(220) Calvin renders ταῦτα adverbially “quidem,” “and indeed dead;” Doddridge “in his repeat;” Macknight, “to these matters;” Stuart “as to these things.” But the word is rendered in Luke 6:23, “in the like manner;” and this would be the best rendering here. Abraham was like Sarah, “dead” as to the power of begetting children, — “Therefore even from one, and him in a like manner dead, there sprang so many as the stars,” etc. — Ed
13. These all died in faith, etc. He enhances by a comparison the faith of the patriarchs: for when they had only tasted of the promises, as though fully satisfied with their sweetness, they despised all that was in the world; and they never forgot the taste of them, however small it was either in life or in death. (222)
At the same time the expression in faith, is differently explained. Some understand simply this that they died in faith, because in this life they never enjoyed the promised blessings, as at this day also salvation is hid from us, being hoped for. But I rather assent to those who think that there is expressed here a difference between us and the fathers; and I give this explanation, — “Though God gave to the fathers only a taste of that grace which is largely poured on us, though he showed to them at a distance only an obscure representation of Christ, who is now set forth to us clearly before our eyes, yet they were satisfied and never fell away from their faith: how much greater reason then have we at this day to persevere? If we grow faint, we are doubly inexcusable”. It is then an enhancing circumstance, that the fathers had a distant view of the spiritual kingdom of Christ, while we at this day have so near a view of it, and that they hailed the promises afar off, while we have them as it were quite near us; for if they nevertheless persevered even unto death, what sloth will it be to become wearied in faith, when the Lord sustains us by so many helps. Were any one to object and say, that they could not have believed without receiving the promises on which faith is necessarily founded: to this the answer is, that the expression is to be understood comparatively; for they were far from that high position to which God has raised us. Hence it is that though they had the same salvation promised them, yet they had not the promises so clearly revealed to them as they are to us under the kingdom of Christ; but they were content to behold them afar off. (223)
And confessed that they were strangers, etc. This confession was made by Jacob, when he answered Pharaoh, that the time of his pilgrimage was short compared with that of his fathers, and full of many sorrows. (Genesis 47:9.) Since Jacob confessed himself a pilgrim in the land, which had been promised to him as a perpetual inheritance, it is quite evident that his mind was by no means fixed on this world, but that he raised it up above the heavens. Hence the Apostle concludes, that the fathers, by speaking thus, openly showed that they had a better country in heaven; for as they were pilgrims here, they had a country and an abiding habitation elsewhere.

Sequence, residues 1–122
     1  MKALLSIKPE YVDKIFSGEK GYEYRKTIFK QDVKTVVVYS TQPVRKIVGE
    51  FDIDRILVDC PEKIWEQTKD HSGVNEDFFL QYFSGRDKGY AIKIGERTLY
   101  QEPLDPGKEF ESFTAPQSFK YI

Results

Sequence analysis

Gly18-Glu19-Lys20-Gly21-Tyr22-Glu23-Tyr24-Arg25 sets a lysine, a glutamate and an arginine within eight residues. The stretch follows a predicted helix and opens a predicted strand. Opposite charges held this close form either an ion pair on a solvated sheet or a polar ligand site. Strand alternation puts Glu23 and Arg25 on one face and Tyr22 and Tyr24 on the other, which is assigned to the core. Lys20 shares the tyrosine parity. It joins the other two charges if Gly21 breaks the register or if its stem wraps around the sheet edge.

But if they in spirit amid dark clouds, took a flight into the celestial country, what ought we to do at this day? For Christ stretches forth his hand to us, as it were openly, from heaven, to raise us up to himself. If the land of Canaan did not engross their attention, how much more weaned from things below ought we to be, who have no promised habitation in this world?
(222) “These all” must be limited to Abraham, and those mentioned after him, for to them the promises had been made; and he speaks only of such. So Beza and Stuart. — Ed.
(223) Mention is made of “promises;” and then “heavenly country” is the only thing afterwards specified. Abraham, Isaac and Jacob had received many promises which were not fulfilled to them — a numerous seed, the land of Canaan, the Messiah, the resurrection (implied in the promise of being their God) and the heavenly country. There is no reason why all these should not form the “promises” which they saw afar and embraced, though the promise of the heavenly country is alone afterwards, expressly mentioned, it being as it were the completion of all the other promises, and suitably referred to after the acknowledgment they made of being strangers and sojourners on the earth. Their faith embraced all the promises, while it had a especial reference to the eternal inheritance, which though they entered into rest, as to their spirits, they have not yet attained, and which shall not be attained either by them, or by us, until Christ’s second coming, when we shall together be introduced into the heavenly country. See a Note on the 39 th and 40 th verses. — Ed.
15. And truly if they had been mindful, etc. He anticipates an objection that might have been made, — that they were strangers because they had left their own country. The apostle meets this objection, and says, that though they called themselves strangers, they yet did not think of Mesopotamia; for if they had a desire to return, they might have done so: but they had willingly banished themselves from it, nay, they had disowned it, as though it did not belong to them. By another country, then, they meant, that which is beyond this world. (224)
(224) “But now they desire,” etc. The historical present is used here instead of the past tense — “But now they desired, etc.” So Beza, Grotius, and others. — Ed.